However, CEO Stefan Barden revealed that these losses could be offset by the reopening of its Fenland Foods factory, mothballed last May when the company pulled out of its £45m Italian ready meals contract with Marks & Spencer.
Barden said he was "80% sure" that by this time next year Northern would be able to provide "a news update" on the Fenland facility. "We are still planning to reopen Fenland Foods, and have a raft of ideas planned - probably focusing on chilled ready meals - with a new retailer customer."
Northern had been in negotiations with Morrisons since the retailer put its traditional ready meals contract out to tender earlier this year. It had decided to close its £30m-turnover Cavaghan & Gray factory after failing to agree terms, said Barden.
"The Hull plant is at a crossroads. It needs a major overhaul if it's going to be a factory for the future and requires volumes and investment," he said.
"Unfortunately, we have never been able to square the circle with Morrisons and simply haven't been able to agree terms. For the sort of margins we'd have to put into it, we weren't getting the required terms."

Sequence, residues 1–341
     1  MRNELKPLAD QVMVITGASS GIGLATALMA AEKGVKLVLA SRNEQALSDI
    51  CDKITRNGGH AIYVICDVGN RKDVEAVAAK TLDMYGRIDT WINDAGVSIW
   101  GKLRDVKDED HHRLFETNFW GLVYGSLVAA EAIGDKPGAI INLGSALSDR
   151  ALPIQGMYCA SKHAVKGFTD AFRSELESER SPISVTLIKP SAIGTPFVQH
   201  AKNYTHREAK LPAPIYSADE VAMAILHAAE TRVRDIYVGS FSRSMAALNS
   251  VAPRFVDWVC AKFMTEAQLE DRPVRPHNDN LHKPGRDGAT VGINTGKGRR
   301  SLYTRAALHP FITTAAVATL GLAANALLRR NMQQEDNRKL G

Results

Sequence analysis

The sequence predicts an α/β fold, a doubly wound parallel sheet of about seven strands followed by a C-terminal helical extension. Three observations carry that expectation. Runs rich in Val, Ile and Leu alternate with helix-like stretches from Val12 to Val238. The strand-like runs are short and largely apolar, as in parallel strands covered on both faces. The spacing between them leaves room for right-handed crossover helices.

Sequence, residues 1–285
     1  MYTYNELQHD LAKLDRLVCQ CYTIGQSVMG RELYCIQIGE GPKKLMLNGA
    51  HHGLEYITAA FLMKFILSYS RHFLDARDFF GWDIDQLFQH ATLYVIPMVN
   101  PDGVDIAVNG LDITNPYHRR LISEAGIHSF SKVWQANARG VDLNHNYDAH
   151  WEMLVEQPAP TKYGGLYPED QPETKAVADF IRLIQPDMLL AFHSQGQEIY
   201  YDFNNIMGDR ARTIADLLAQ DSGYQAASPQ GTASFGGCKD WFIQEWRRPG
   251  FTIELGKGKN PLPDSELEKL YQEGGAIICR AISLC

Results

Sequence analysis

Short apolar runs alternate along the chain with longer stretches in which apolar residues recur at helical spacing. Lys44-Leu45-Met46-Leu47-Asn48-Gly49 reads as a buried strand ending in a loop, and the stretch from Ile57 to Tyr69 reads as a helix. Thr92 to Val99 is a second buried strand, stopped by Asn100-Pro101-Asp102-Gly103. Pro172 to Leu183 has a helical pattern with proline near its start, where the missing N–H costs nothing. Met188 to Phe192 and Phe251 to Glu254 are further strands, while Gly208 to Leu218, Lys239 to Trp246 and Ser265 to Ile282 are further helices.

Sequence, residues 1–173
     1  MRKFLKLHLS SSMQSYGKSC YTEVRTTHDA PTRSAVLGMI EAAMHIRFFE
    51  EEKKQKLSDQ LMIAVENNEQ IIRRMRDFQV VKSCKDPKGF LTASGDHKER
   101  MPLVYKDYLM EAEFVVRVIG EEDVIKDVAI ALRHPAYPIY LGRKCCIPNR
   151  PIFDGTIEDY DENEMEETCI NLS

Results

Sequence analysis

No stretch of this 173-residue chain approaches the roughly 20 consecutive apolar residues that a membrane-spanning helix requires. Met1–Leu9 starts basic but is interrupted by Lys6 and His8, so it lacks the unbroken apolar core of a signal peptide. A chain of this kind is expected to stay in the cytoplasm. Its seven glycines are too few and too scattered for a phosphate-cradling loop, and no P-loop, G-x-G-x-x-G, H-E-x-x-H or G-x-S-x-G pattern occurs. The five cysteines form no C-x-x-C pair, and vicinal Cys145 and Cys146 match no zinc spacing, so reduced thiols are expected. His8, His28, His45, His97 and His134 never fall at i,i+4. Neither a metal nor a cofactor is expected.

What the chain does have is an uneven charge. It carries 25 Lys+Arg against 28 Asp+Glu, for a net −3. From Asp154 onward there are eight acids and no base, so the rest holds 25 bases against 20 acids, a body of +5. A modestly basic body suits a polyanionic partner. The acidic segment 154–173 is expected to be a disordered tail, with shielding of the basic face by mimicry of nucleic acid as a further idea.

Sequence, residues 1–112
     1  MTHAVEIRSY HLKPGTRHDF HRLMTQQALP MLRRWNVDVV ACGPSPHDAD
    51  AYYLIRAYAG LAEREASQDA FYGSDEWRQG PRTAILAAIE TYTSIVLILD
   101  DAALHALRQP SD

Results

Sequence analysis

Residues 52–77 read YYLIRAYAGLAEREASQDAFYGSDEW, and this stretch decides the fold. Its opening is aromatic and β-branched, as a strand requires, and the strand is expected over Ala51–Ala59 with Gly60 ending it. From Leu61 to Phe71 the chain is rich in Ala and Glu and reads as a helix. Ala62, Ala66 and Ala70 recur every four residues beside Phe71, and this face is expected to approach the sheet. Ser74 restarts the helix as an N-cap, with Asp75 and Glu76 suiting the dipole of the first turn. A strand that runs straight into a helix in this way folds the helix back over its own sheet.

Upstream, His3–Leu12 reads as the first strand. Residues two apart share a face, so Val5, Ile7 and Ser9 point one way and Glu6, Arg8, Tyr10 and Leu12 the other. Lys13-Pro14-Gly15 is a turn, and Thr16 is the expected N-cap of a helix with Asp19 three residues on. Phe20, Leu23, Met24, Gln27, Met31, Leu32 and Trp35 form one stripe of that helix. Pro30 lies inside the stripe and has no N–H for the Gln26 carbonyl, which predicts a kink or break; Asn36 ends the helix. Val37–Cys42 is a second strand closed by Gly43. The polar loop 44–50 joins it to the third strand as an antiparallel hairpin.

Barden added that he thought Morrisons had found "a better deal elsewhere in the industry" and was disappointed with the outcome, but was working closely with employees to secure positions elsewhere.
Northern said it would take a £5m hit to close the site through restructuring costs but claimed there would be no profit impact on the end-of-year results.
A Morrisons spokesman said the retailer had enjoyed a longstanding relationship with Northern in many other grocery category areas.
"Northern's decision to propose closure of its Hull site is, of course, sad news for all people affected," he added.
The news came as Northern announced full-year group sales growth of 4.6% to £975.2m.